Last week George Bush used his first veto to slow the progress of medical
science. Four weeks from today I will meet my students on the first day
Every year I use the first meeting to do the usual housekeeping chores
-- passing out the syllabus, going over the rules of the road on our trip
through astronomy. I also discuss the general topics that we will cover,
from the nature of light to how we can study the most distant objects
in the universe with that light as our only information.
I also discuss science as a human activity, its importance in daily life.
I try to encourage any student without a direction to consider science
as a career. It's a tough challenge given the predispositions many have
when they enter college.
Once chance to reach them
More importantly, I have much more ground to cover than just the subject
matter itself. Sadly, for most students, my two-semester course will be
their only science class -- as in many universities, a single course is
all that is required, and students' schedules are packed with other requirements.
There's scant time for pure electives, and turf wars between disciplines
make the every-so-often core curriculum revision end up about where it
started. There is little chance of expanding the science requirement.
So, forget biology, chemistry, physics, geology -- my students will only
get a smattering of those topics, at the fringe where they intersect our
study of the cosmos.
This means I have one shot at teaching them not only about planets and
moons, stars and galaxies, but also about how we have come to
understand our universe. And why it is important that we have done this
and that we continue to explore the workings of the physical world about
Every year I also tell them that they will be responsible for making
informed decisions on topics related to science. Global warming, pollution,
medical controversies (like stem cell research), the challenge of declining
fossil fuel reserves, the inevitable rebirth of nuclear energy. The list
Increasingly, as I age, I am telling them we have not done very well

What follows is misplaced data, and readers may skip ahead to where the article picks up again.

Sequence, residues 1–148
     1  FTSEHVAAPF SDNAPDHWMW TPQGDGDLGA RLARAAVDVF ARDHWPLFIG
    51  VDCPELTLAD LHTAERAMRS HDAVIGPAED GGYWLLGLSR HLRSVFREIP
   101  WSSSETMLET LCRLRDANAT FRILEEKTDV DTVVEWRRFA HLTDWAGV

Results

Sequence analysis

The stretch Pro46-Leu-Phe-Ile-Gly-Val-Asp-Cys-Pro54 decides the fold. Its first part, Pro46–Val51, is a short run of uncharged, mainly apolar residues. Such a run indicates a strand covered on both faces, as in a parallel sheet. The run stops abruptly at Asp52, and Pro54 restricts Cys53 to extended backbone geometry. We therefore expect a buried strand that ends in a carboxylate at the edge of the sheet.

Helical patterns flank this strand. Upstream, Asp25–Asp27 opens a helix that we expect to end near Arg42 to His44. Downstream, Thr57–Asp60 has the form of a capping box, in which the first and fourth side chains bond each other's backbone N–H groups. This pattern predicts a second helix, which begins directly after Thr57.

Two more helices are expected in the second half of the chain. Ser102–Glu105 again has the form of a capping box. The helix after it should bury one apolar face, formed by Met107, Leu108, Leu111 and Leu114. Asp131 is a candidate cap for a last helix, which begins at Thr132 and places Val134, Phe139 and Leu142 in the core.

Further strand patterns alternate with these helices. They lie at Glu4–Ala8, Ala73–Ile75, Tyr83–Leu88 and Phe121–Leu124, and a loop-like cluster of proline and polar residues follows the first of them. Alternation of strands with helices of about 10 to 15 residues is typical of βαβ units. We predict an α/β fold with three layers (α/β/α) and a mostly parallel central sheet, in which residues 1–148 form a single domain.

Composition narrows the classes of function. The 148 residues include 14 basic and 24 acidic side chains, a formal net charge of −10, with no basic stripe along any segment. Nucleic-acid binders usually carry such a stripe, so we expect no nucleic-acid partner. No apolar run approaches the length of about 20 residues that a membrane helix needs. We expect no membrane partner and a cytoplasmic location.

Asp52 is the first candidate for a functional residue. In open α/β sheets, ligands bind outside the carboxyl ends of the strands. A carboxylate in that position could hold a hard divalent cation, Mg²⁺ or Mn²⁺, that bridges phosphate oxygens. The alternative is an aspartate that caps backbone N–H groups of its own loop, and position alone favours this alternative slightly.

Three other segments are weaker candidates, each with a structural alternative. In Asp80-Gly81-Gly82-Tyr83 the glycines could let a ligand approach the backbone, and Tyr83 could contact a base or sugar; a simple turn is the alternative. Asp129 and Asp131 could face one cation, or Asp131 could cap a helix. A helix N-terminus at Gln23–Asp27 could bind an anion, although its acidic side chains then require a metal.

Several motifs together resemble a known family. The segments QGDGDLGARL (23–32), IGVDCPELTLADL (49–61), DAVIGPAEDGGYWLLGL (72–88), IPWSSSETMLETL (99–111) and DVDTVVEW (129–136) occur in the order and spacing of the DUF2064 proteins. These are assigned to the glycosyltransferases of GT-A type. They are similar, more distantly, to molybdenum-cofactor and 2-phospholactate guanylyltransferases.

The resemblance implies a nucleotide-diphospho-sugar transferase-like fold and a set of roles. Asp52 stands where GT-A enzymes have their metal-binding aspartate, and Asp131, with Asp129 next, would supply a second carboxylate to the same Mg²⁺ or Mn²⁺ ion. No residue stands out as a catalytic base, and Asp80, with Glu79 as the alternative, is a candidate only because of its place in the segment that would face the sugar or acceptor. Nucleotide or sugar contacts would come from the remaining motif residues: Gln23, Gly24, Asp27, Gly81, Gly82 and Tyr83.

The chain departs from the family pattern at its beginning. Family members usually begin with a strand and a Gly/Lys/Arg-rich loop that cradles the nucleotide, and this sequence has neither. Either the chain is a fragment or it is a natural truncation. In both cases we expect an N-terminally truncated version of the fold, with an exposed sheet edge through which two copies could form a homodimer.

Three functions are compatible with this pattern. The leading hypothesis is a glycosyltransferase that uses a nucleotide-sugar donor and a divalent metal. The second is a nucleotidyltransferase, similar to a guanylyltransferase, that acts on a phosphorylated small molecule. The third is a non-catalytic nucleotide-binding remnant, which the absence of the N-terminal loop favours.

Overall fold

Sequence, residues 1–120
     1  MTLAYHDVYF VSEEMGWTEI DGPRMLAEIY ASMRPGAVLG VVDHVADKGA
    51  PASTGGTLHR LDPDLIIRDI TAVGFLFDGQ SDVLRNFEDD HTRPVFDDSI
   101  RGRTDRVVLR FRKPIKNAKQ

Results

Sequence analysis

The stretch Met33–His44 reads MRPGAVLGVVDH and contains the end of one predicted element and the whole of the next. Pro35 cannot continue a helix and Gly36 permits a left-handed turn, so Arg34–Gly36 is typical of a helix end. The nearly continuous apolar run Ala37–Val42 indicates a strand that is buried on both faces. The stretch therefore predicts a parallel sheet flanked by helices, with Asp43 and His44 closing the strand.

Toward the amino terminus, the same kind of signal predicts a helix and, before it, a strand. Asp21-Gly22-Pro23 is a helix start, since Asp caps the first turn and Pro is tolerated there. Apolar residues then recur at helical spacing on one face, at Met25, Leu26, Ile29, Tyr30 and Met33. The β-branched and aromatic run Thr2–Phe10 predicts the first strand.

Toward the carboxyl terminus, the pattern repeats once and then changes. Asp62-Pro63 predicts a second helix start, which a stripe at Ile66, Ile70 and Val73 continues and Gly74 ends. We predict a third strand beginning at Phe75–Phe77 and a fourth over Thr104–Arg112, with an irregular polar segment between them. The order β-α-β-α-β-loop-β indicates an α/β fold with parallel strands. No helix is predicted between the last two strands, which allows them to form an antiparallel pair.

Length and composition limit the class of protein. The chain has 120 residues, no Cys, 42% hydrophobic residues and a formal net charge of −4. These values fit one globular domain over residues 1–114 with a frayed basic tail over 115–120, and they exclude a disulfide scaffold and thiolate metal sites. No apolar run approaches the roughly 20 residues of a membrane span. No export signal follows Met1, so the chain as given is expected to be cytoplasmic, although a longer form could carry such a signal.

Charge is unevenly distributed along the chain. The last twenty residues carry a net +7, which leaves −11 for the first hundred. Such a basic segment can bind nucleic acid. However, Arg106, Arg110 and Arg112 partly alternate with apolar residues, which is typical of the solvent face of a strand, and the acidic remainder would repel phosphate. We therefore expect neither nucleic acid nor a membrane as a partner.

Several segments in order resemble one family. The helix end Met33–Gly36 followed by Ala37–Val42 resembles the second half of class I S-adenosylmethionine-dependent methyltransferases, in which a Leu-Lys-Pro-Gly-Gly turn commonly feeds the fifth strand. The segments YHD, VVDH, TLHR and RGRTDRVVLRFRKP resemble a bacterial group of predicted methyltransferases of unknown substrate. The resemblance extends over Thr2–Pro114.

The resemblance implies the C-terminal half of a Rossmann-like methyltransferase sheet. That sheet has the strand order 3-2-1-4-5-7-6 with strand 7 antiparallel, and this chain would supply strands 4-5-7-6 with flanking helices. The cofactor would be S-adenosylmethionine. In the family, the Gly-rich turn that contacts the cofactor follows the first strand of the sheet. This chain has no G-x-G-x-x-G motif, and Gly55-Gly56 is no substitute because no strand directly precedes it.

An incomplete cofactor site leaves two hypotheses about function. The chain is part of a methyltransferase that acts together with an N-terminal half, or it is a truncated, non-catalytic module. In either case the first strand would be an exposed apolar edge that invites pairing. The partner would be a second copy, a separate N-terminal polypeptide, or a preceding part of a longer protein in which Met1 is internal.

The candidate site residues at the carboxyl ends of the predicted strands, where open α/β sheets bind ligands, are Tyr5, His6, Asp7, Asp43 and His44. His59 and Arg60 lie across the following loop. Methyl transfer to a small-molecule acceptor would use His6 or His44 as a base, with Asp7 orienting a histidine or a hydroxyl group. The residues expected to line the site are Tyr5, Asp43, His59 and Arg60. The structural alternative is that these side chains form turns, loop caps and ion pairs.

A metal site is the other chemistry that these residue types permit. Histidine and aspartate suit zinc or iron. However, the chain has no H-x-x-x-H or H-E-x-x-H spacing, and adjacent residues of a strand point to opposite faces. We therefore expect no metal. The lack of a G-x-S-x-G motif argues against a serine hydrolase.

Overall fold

with these issues. Many will fall on their generation's shoulders. As
voters they will have to turn things around, if possible.
Bush indifferent to science
What I had not realized was that some of these students would end up
in places of power -- not just voters but candidates. And some of the
least scientifically literate would end up elected to the highest offices.
Bush is the epitome of this. After his election I realized that we --
no, you, -- had elected the first president who I am sure is
not as smart as I am. Not just in science, in just about everything.
In science he has proved to be not just indifferent, as in his continuing
arguments that it is sufficient to just be "studying" global
warming, but also in many areas an enemy of scientific progress. His minions
have rewritten parts of scientific reports to fit his ideology. His administration
has filled science advisory boards with those of his ilk in the same manner
that he has handled energy advising. His mandate to make returning to
the Moon a primary mission for NASA was out of left field.
In this latest maneuver he has put his religious ideals ahead of basic
medical research -- derailing studies that won't necessarily be done by
drug companies. Federal funds are essential for this kind of basic research,
from which we derive increases in fundamental knowledge. This is the foundation
for the applied studies more likely funded by commercial labs.
Such federally funded support is appropriate, since all taxpayers will
eventually benefit from the work, as we have benefited from past basic
research. The diseases that might be treated or cured from the results
of stem-cell research affect Republicans and Democrats alike. A majority,
but not quite enough, of the Senate realized that. The president did not.
Is next president listening?
What will I say about it to my class next month? I have to avoid partisan
politics in the classroom, but we will discuss the impact of politics
on science. It brings home the importance of why they are there in class.
I hope if I have a future Dubya in class, he or she is listening and
thinking. George Bush wasn't -- he
made no A's at Yale, and his only D was in science.
Daniel B. Caton
Observer community columnist Daniel B. Caton is observatory director and
astronomy professor at Appalachian State University. Write him at the
Department of Physics and Astronomy, Appalachian State University, Boone,
NC 28608, or by e-mail at firstname.lastname@example.org.